Definitions for villanellaˌvɪl əˈnɛl ə, ˌvi lə-; -ˈnɛl i, -ˈnɛl eɪ
This page provides all possible meanings and translations of the word villanella
Random House Webster's College Dictionary
vil•la•nel•laˌvɪl əˈnɛl ə, ˌvi lə-; -ˈnɛl i, -ˈnɛl eɪ(n.)(pl.)-nel•le
a rustic Italian part song without accompaniment.
Category: Music and Dance
Origin of villanella:
1590–1600; < It, der. of villano peasant, boor (see villain )
an old rustic dance, accompanied with singing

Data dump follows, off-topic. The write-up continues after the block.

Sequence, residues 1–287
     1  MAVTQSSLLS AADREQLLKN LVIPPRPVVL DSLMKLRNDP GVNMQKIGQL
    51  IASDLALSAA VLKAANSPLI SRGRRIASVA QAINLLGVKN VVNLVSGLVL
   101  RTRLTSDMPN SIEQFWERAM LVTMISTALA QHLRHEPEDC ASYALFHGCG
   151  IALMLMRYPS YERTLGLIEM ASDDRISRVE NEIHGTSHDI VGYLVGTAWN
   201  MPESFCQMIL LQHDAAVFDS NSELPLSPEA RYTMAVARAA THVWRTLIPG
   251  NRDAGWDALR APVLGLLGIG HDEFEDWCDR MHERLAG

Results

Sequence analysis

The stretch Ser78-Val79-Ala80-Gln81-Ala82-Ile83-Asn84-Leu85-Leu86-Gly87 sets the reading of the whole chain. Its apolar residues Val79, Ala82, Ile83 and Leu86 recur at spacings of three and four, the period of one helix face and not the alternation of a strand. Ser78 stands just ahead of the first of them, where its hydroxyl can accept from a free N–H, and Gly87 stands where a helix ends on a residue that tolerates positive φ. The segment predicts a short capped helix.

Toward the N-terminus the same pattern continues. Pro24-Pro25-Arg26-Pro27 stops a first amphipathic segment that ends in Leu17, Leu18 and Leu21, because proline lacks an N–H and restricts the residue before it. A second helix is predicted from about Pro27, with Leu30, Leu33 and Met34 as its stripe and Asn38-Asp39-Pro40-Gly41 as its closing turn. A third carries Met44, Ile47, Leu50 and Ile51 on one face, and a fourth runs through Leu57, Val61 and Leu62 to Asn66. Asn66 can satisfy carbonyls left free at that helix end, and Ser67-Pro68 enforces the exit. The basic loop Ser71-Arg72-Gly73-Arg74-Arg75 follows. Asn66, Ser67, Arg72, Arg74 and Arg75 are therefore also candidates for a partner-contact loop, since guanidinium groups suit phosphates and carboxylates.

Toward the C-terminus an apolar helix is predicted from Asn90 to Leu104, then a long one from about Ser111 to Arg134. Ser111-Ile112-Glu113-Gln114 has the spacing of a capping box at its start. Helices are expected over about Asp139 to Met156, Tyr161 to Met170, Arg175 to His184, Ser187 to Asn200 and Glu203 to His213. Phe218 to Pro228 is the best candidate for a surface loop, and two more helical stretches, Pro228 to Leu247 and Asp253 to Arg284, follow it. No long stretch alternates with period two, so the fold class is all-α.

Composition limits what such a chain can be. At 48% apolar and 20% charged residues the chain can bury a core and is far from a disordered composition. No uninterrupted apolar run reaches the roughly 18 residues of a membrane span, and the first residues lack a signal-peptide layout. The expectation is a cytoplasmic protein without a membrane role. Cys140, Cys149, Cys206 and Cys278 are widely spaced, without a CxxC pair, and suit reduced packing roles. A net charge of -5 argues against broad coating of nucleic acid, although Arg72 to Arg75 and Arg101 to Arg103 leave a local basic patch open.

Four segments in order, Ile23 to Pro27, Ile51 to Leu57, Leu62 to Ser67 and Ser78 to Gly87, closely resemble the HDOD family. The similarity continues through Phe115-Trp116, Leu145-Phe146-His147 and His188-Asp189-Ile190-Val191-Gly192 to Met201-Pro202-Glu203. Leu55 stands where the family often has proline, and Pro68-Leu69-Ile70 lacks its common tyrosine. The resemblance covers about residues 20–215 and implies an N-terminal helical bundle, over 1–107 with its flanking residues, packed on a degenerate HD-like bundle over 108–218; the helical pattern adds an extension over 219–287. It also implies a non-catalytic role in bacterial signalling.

In music, a villanella is a form of light Italian secular vocal music which originated in Italy just before the middle of the 16th century. It first appeared in Naples, and influenced the later canzonetta, and from there also influenced the madrigal. The subject matter is generally rustic, comic, and often satirical; frequently the mannerisms of art music, such as the madrigal, are a subject of parody. The rhyme scheme of the verse in the earlier Neapolitan forms of the villanelle is usually abR abR abR ccR. The villanelle became one of the most popular forms of song in Italy around mid-century. The music of the early villanella is invariably for three unaccompanied voices. The first composers of villanellas were the Neapolitans Giovanni Domenico da Nola and Giovan Tomaso di Maio; later composers of villanellas, no longer from Naples, included Adrian Willaert, Luca Marenzio, Adriano Banchieri, Orlande de Lassus, Eva Dell'Acqua and others.
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